A key feature of substance use disorders is continued drug consumption despite aversive consequences. This has been modeled in the animal laboratory by pairing drug self-administration with electric shock, thereby punishing drug intake (Deroche-Gamonet et al. 2004). In the present experiments, we examined the effects of punishment on i.v. cocaine self-administration by adding histamine to the cocaine solution with three different animal models of high and low vulnerability to drug abuse: rats selectively bred for high (HiS) and low (LoS) saccharin consumption, rats selected for high (HiI) and low (LoI) impulsivity, and sex differences. Animals were allowed to self-administer cocaine (0.4. mg/kg/infusion) to establish a baseline of operant responding. Histamine (4.0. mg/kg/infusion) was then added directly into the cocaine solution and its consequent effects on self-administration were compared to baseline. The histamine. +. cocaine solution was then replaced with a cocaine-only solution, and the rats' operant responding was again compared to baseline. Concurrent histamine exposure was effective in reducing cocaine consumption in all groups of rats; however, LoS and female rats took longer to return to baseline levels of cocaine consumption after histamine was removed compared to HiS and male rats. These data suggest that the reduction of drug self-administration by aversive consequences may differ in groups that vary in drug use vulnerability Such results may inform pharmacological strategies that enhance the negative aspects of drug consumption.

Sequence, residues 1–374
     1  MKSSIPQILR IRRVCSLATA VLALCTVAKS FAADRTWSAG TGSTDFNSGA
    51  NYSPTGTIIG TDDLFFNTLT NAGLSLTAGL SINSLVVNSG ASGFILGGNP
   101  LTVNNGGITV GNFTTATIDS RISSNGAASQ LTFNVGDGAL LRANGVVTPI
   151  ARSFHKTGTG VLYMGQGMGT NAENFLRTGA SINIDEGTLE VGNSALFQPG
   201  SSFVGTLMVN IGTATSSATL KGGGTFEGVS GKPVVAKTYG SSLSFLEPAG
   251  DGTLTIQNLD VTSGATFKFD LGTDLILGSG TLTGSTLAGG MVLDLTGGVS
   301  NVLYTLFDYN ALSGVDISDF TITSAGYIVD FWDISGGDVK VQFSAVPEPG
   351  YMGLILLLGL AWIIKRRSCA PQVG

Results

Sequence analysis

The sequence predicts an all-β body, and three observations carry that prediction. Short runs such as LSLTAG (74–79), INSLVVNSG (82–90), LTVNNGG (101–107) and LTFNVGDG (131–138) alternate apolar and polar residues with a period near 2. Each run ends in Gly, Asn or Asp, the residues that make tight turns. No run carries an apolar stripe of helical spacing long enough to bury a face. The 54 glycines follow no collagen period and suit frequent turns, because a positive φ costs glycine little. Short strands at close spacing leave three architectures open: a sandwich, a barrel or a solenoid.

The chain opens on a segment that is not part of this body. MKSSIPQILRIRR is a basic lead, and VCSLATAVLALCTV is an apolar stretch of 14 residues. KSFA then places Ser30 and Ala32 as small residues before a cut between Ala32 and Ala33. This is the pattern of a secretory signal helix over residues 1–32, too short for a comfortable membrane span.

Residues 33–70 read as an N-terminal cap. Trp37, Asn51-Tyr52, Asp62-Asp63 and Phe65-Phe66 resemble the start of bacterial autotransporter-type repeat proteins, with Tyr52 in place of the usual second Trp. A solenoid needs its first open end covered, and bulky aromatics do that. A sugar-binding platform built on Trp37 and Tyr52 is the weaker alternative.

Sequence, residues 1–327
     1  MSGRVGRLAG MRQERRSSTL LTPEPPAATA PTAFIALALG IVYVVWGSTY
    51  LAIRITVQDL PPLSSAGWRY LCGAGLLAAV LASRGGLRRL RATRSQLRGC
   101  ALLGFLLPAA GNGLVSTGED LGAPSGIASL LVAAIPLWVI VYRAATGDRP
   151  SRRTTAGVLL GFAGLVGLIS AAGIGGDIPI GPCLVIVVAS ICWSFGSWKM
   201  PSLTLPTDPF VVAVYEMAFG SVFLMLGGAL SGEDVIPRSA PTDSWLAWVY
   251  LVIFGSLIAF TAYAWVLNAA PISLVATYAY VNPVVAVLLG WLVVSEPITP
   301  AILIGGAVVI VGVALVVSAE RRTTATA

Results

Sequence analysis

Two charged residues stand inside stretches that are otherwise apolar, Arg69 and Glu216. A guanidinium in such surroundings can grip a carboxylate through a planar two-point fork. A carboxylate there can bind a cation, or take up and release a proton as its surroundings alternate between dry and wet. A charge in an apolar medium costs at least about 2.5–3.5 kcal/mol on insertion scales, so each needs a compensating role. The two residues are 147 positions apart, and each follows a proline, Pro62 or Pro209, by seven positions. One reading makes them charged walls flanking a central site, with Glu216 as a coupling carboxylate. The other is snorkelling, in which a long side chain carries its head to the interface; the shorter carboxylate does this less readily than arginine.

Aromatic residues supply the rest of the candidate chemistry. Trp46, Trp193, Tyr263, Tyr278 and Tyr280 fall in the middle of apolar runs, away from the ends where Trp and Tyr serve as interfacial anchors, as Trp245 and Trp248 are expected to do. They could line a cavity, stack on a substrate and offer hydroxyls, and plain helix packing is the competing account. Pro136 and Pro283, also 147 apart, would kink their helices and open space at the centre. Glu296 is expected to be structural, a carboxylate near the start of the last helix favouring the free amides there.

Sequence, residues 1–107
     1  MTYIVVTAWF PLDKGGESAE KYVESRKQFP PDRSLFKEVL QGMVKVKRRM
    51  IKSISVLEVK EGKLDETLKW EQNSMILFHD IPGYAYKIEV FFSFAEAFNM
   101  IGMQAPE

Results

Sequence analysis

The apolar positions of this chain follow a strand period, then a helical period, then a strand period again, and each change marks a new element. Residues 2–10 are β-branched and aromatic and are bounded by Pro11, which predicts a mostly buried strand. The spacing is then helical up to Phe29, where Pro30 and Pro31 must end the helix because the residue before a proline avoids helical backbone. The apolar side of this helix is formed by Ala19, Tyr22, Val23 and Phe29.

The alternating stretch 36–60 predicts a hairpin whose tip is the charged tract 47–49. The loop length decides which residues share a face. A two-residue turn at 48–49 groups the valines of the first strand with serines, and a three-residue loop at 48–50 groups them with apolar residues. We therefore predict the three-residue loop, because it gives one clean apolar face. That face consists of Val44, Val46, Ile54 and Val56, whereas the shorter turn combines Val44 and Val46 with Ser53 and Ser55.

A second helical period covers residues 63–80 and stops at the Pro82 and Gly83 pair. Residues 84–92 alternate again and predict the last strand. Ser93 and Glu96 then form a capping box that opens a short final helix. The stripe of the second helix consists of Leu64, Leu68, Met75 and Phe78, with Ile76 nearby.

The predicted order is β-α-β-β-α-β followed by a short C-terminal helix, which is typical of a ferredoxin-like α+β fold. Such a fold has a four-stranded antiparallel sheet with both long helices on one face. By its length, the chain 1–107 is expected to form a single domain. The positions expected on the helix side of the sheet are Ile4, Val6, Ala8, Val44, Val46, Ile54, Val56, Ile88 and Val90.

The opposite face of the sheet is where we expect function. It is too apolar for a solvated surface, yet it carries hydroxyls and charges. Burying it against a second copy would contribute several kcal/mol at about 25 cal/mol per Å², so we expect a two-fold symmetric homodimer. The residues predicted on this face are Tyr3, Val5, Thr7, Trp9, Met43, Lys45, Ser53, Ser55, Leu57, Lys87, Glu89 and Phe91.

Bibliographical noteFunding Information:
This research was supported by NIDA/NIH grants R01 DA003240 , P20 DA024196 (Project 1), and K05 DA15267 (MEC). We thank Natalie Zlebnik, Amy Saykao, and Seth Johnson for their technical assistance.
- Sex differences